Centenarians living in the Blue Zones have mastered the art of de-stressing. They still experience stress, but they will also have a siesta, go to happy hour, or spend time praying.

Find activities that can help you to manage your stress. It might be building in a daily walk or a weekly phone catch-up with your friend.

Ideas to relieve stress:

  • Reset your mind - Journal before you go to bed.
  • Socialise - Make time to see loved ones.
  • Exercise - Go for a walk, run, cycle or the gym.
  • Make time for yourself - Have a bath, cook your favourite meal, read, paint, and get out in the garden.

A nice way to think about this could be how you unwind after the day. For most of us, this probably involves some sort of technology. But what if we think about the night-time routines we set for our children? They usually involve wind-down activities, reading books, having a bath, and singing songs.

Think of it like your campfire activities. When we're outside with nature, we naturally want to sit around the fire and share stories. Can you bring this feeling of winding down, reflecting, and resetting to your evening routine?


5. Enrich your diet with nutrient-dense foods


People living in the Blue Zones eat more nuts, legumes, and olive oil than we do. All kinds of leafy greens feature, from dandelion greens to spinach and Swiss chard. The Okinawan diet focuses on staples like sweet potatoes and Shiitake mushrooms.

Nutrients are important for your overall health and help your body to function at its best. Healthy food helps your immune system, gives you energy, and helps your body heal and recover.

The Mediterranean diet is a good example of this and is full of whole foods, vegetables, fruits, and healthy fats.

The Mediterranean diet has many health benefits, such as:

  • Lowering your risk of heart disease.
  • Helping to maintain a healthy weight.
  • Helping to reduce your blood pressure and bad cholesterol levels.

How to live longer: eat nutrient-dense food

Another common approach they have to food is not eating in excess. The Okinawans have a mantra that they say before each meal - hara hachi bu. It reminds people only to eat until they're 80 per cent full. The extra 20 per cent could be the difference between losing and gaining weight.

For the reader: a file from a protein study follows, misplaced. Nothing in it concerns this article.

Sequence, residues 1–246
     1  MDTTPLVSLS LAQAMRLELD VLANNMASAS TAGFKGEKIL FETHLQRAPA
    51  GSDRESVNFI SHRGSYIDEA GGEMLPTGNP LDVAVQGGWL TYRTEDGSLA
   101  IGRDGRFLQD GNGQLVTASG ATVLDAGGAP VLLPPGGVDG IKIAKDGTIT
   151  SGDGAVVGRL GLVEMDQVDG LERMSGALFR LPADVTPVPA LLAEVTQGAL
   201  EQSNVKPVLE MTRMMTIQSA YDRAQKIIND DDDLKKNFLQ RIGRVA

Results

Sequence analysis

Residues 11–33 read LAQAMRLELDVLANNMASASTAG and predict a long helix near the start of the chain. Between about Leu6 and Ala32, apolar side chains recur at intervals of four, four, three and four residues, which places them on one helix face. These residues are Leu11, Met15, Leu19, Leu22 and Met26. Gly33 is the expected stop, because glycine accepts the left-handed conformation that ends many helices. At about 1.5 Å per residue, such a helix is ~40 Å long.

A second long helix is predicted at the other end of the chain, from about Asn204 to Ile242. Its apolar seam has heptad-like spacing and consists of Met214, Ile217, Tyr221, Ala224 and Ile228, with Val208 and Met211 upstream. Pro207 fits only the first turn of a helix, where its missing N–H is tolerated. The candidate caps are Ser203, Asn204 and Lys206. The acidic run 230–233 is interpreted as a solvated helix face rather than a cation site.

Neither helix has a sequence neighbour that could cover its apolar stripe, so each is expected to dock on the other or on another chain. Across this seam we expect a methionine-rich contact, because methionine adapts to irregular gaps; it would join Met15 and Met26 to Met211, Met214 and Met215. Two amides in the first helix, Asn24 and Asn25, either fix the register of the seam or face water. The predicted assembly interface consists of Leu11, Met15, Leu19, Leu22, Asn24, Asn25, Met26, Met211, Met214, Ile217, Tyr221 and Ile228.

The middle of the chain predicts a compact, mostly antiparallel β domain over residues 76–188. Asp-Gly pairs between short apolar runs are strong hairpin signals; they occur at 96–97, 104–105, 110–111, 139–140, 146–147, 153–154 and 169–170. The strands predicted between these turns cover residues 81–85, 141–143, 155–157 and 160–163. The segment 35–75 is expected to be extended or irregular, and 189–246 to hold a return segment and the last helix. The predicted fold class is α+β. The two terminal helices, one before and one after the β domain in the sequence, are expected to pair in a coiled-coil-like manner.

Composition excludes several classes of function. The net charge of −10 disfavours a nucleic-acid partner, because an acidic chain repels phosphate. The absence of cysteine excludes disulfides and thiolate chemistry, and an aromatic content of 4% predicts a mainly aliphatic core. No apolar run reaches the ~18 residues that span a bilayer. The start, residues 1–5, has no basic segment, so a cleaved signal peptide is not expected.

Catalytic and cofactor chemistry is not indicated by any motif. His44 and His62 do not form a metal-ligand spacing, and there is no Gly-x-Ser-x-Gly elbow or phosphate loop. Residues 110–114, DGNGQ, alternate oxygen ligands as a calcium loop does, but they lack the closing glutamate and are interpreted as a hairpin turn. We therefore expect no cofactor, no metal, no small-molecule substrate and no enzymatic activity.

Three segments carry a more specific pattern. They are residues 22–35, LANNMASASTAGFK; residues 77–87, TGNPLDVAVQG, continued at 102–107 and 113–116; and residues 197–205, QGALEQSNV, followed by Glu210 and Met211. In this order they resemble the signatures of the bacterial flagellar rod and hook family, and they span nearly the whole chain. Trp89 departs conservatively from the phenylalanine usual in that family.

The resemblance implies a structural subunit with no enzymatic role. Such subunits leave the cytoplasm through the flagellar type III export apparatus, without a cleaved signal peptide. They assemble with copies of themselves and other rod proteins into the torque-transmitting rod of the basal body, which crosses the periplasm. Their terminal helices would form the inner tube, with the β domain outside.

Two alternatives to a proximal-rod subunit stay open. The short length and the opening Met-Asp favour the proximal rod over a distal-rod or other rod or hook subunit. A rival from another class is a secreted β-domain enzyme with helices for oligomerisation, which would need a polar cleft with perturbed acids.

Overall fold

This demonstrates that it isn’t just what you eat that’s important, it’s also when you eat and how much. With nutrient-dense foods, you're getting more health benefits for the quantity you're eating.


Can my environment affect how long I live?


Someone's lifestyle and environment dictate around 80 per cent of how long they live. The other 20 per cent is down to genes. But that’s still a major proportion that you can influence [3].

Taking care of your physical and mental wellbeing is undoubtedly important for your long-term health. And the people and environment around you can majorly influence your habits.


How can a blood test help my long-term health?


A blood test can help you to understand your risk factors for certain diseases. Once you identify your risks, you can make healthy changes to reduce your risk of death from them, which may improve your chances of living a longer life.

Our Optimal Health Blood Test assesses your risk of lifestyle-related diseases by checking advanced markers for cardiovascular, metabolic, and hormonal health. You can then make healthy changes to improve your chances of a longer life and healthy ageing.






  1. National Institute of General Medical Sciences. (2020). Understanding mRNA COVID-19 Vaccines. PubMed Central, 7494628.
  2. VanderWeele, T. J. (2011). Sensitivity analysis for contagion effects in social networks. Sociological Methods & Research, 40(2), 240-255. PMID: 25580037; PMCID: PMC4288024
  3. National Research Council (US) Committee on the National Nanotechnology Initiative. (2011). Vision for Nanotechnology R&D in the Next Decade. National Academies Press.